I wasn't sure how I would feel about a show titled Legend of the Legendary Heroes when I first saw the translated name. I mean how unimaginative can you get? Still what you get is far more than what the title gives you...
Firstly, I would like to state that this is a bit more than I would normally give a show that's "incomplete" since it's still got a second season yet to be produced. The story through this 24 episode show isn't done and so on the basis that there is a second season on the way I rated it as high as I would having seen the second half already. Now, onto the actual story's review.
When I first started the show it made me laugh within the first few seconds, it wasn't until a little later that I realized that the beginning was actually the middle of the story. Still, to start off with a good laugh is never wrong though it did lead me to not take it as seriously as it eventually got. Whether or not I'll ultimately love or hate this show as a whole is yet to be determined however, so far this show has tons of potential. Great plot, wonderful progression, and a "no such thing as pure evil" mode of conflict. This is something I hold in high regard since to my eyes, there is no such thing as truly evil people. Only those that see what they think is right and wrong and their attempts at justice as they see it. For an anime to mirror this is actually quite rare, you're usually going to find an evil villain at the end and some huge fight where the good guys win and the bad guys lose. Somehow I doubt that this is going to be the case here, at least that is my hope.
At first I figured this was just going to be another cartoony, slapstick, ecchi, action flick with various characters thrown in to make it all worth watching. What I was shown proved me drastically wrong. While there are a couple very impossible hair colors, cartoonish faces, and androgynous character designs, I cannot bring myself to dislike any of it. The scenes, countryside, towns, and characters all have a unique feel and are wonderfully designed and drawn. Pleasing to the eyes, there was only 1 episode that fell on it's face and made you think that the usual workers were taking a break that week. Seriously, ep 18 was a decade behind in quality and completely different from what the rest of the show looks like, it's a total mystery and reminds me of Utawarerumono's ep 14 which did the exact same thing. Due to that; the various cookie cutter character designs/faces, cartoon slapstick faces, and one or two rainbow hair colors, it's score fell short of perfection.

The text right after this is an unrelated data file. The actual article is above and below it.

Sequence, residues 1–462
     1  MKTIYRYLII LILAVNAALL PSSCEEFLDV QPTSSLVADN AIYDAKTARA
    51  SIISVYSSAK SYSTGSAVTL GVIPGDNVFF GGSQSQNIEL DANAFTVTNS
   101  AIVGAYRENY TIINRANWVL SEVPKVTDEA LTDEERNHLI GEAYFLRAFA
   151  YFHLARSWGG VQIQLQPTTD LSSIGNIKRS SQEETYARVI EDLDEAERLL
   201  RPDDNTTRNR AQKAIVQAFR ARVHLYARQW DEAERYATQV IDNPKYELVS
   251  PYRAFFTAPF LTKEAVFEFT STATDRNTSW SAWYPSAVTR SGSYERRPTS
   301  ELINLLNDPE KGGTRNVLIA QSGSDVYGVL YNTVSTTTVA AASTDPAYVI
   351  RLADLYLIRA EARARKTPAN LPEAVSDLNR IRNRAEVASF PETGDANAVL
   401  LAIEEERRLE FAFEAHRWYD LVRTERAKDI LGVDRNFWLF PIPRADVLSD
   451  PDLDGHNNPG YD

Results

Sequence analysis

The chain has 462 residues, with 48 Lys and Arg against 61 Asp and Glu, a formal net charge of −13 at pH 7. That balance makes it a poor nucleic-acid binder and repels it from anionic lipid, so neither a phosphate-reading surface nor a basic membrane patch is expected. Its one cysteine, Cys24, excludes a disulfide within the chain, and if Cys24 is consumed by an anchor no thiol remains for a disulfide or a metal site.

I have no real complaints here, the sounds, music, and voices all did their jobs, it also didn't wow me or move me in any real way beyond what it was designed to do. Very few shows ever do have such moving music that even I'm enraptured by it and this one was no different. It was still good enough to get the job done and didn't break the shows flow at all and thusly gets it's slightly above average score.
Each character has different qualities, varying degree's of extremism in their viewpoint, and sometimes unfathomable motivations. I liked each and every one of them. It's rare that you get the shades of grey mentality from an anime, meaning that no one is the "good guy" and no one is the "bad guy" here. Even those you'd deem evil and as such should be the "bad guy" have seriously compelling motivations behind their actions. Anything, or anyone, pushed into a corner and forced to look at the face of their own death will bare fangs and attack, even a mouse vs a cat. Seeing as this story is yet to be completed and the characters still have a long way to go before they've achieved their "maturity" I kept this score rather high and really, even without a second season I think in this category the score stands well.
Here is where I give no graces, pull no punches, and give nor scoring unbefitting irregardless of future installments or points of view. Since this is a show without an actual ending it's score is drastically reduced from what it could and should be at. I hate that I have to score this so much lower than it really deserves but I cannot and will not overlook my own standards for the sake of a single show or even a handful of shows. My one hope is that when and if the second season of this anime is made, the ending is as wonderfully handled and beautiful as the rest of the anime itself.